He is the author of a blog called “ From the Potomac to the Euphrates” on CFR.org.
And like civilization itself, it might all start on the banks of the Euphrates.
And then there is the ISIS video of Crawford splashing in the Euphrates as if he were a kid again.
First, I sketched out a long oscillating ribbon running from the top left to the bottom right of the page: the Euphrates.
We see the Euphrates drying up, and therefore we know that the evil spirits are abroad.
Between the Euphrates and the trench was a narrow passage, twenty feet only in breadth.
They were the Rothschilds in the region of the Euphrates: they acted in a sort as the national bank of Babylon.
The source of the tradition must be sought in the Euphrates Valley.
From their summit the traveller scans a boundless plain, through which winds the Euphrates, with its dark belt of evergreen palms.
Poles are used to this day to propel the crafts on the Euphrates.
Old English Eufrate, from Greek Euphrates, from Old Persian Ufratu, perhaps from Avestan huperethuua "good to cross over," from hu- "good" + peretu- "ford." But Kent says "probably a popular etymologizing in O.P. of a local non-Iranian name" ["Old Persian," p.176]. In Akkadian, purattu.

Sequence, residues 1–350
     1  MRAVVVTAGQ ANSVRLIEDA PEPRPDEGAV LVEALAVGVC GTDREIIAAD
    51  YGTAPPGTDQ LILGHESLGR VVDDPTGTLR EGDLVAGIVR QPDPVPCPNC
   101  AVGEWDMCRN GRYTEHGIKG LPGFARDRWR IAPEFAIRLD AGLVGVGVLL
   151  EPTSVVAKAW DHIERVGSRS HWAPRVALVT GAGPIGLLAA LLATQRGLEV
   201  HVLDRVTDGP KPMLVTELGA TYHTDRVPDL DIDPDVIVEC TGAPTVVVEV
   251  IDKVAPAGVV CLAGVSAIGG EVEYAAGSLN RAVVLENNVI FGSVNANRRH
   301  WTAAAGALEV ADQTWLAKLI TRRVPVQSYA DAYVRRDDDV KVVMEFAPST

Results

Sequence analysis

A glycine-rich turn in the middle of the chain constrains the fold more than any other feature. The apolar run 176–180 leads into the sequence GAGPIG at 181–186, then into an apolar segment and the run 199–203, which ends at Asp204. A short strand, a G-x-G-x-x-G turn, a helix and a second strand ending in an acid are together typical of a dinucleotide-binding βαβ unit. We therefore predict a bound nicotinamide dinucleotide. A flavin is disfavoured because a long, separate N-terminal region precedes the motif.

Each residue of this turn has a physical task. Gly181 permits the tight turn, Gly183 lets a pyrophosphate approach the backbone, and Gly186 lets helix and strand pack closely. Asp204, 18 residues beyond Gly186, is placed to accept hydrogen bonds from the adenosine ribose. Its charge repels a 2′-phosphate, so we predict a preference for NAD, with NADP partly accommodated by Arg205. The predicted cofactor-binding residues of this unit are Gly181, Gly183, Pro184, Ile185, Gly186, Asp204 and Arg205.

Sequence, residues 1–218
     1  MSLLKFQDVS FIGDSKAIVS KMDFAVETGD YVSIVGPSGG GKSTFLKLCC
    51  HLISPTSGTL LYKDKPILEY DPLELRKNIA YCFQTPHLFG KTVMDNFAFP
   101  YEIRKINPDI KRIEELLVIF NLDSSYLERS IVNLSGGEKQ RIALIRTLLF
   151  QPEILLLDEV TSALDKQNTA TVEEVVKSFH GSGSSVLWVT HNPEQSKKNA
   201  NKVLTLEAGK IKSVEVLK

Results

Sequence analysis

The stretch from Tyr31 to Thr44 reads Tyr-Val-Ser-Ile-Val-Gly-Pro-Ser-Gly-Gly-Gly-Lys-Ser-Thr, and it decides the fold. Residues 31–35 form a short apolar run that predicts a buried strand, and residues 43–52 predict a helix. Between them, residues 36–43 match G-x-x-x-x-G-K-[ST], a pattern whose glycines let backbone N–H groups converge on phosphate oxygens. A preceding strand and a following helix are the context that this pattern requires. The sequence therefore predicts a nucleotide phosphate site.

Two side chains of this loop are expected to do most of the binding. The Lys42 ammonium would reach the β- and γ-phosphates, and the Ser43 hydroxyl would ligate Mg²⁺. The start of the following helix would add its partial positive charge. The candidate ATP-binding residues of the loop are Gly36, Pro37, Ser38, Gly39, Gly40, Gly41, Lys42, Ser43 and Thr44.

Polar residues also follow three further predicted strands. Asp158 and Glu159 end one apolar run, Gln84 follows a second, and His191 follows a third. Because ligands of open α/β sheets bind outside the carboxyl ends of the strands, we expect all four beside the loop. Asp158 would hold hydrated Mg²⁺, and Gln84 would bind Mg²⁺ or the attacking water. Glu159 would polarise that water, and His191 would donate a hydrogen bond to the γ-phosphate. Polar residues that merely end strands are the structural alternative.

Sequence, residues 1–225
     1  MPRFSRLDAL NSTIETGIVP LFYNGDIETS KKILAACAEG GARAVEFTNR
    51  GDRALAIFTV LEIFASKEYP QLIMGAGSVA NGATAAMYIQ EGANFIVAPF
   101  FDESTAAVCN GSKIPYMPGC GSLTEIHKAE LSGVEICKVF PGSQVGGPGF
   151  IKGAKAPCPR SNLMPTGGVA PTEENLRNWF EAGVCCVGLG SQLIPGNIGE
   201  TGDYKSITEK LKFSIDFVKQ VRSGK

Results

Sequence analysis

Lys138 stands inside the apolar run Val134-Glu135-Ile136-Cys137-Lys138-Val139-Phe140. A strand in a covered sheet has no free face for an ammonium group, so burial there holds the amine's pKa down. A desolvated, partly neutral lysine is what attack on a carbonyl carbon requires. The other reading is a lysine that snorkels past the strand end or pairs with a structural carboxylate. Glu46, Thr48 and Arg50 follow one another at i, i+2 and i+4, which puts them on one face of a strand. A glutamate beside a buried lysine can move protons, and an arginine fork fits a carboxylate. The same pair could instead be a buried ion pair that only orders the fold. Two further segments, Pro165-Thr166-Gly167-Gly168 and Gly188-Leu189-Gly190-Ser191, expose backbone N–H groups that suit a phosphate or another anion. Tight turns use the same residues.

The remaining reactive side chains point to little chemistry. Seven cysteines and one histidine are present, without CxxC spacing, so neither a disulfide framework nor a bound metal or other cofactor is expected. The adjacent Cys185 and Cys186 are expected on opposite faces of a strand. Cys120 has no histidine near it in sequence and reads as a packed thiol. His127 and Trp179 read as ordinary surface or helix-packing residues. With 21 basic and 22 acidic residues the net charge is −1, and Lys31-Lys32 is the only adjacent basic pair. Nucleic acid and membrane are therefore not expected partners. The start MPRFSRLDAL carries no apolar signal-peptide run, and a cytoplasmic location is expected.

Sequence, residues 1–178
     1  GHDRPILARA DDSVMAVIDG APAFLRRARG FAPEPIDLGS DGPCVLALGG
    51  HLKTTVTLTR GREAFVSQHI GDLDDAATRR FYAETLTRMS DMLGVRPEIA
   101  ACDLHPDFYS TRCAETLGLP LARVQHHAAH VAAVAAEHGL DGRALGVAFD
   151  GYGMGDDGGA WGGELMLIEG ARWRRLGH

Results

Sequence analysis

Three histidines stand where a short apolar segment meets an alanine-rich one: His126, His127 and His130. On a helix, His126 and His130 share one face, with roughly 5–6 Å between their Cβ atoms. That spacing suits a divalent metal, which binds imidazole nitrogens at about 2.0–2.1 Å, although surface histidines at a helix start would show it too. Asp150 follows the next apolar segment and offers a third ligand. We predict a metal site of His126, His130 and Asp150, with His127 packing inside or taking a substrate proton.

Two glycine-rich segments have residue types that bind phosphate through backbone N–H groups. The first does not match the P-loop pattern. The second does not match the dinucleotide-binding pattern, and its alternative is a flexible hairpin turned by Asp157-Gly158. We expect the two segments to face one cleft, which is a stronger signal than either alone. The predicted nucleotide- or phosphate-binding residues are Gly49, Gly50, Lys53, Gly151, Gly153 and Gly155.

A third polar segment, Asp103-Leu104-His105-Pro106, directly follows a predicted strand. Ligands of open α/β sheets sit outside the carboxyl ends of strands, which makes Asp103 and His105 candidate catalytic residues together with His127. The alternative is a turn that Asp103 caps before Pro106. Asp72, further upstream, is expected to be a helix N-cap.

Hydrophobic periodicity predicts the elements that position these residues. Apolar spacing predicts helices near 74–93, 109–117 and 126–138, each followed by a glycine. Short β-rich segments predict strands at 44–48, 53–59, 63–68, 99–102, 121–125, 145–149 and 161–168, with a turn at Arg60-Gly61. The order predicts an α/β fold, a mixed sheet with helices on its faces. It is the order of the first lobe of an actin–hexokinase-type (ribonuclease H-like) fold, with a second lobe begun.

Hebrew, Perath; Assyrian, Purat; Persian cuneiform, Ufratush, whence Greek Euphrates, meaning "sweet water." The Assyrian name means "the stream," or "the great stream." It is generally called in the Bible simply "the river" (Ex. 23:31), or "the great river" (Deut. 1:7). The Euphrates is first mentioned in Gen. 2:14 as one of the rivers of Paradise. It is next mentioned in connection with the covenant which God entered into with Abraham (15:18), when he promised to his descendants the land from the river of Egypt to the river Euphrates (comp. Deut. 11:24; Josh. 1:4), a covenant promise afterwards fulfilled in the extended conquests of David (2 Sam. 8:2-14; 1 Chr. 18:3; 1 Kings 4:24). It was then the boundary of the kingdom to the north-east. In the ancient history of Assyria, and Babylon, and Egypt many events are recorded in which mention is made of the "great river." Just as the Nile represented in prophecy the power of Egypt, so the Euphrates represented the Assyrian power (Isa. 8:7; Jer. 2:18). It is by far the largest and most important of all the rivers of Western Asia. From its source in the Armenian mountains to the Persian Gulf, into which it empties itself, it has a course of about 1,700 miles. It has two sources, (1) the Frat or Kara-su (i.e., "the black river"), which rises 25 miles north-east of Erzeroum; and (2) the Muradchai (i.e., "the river of desire"), which rises near Ararat, on the northern slope of Ala-tagh. At Kebban Maden, 400 miles from the source of the former, and 270 from that of the latter, they meet and form the majestic stream, which is at length joined by the Tigris at Koornah, after which it is called Shat-el-Arab, which runs in a deep and broad stream for above 140 miles to the sea. It is estimated that the alluvium brought down by these rivers encroaches on the sea at the rate of about one mile in thirty years.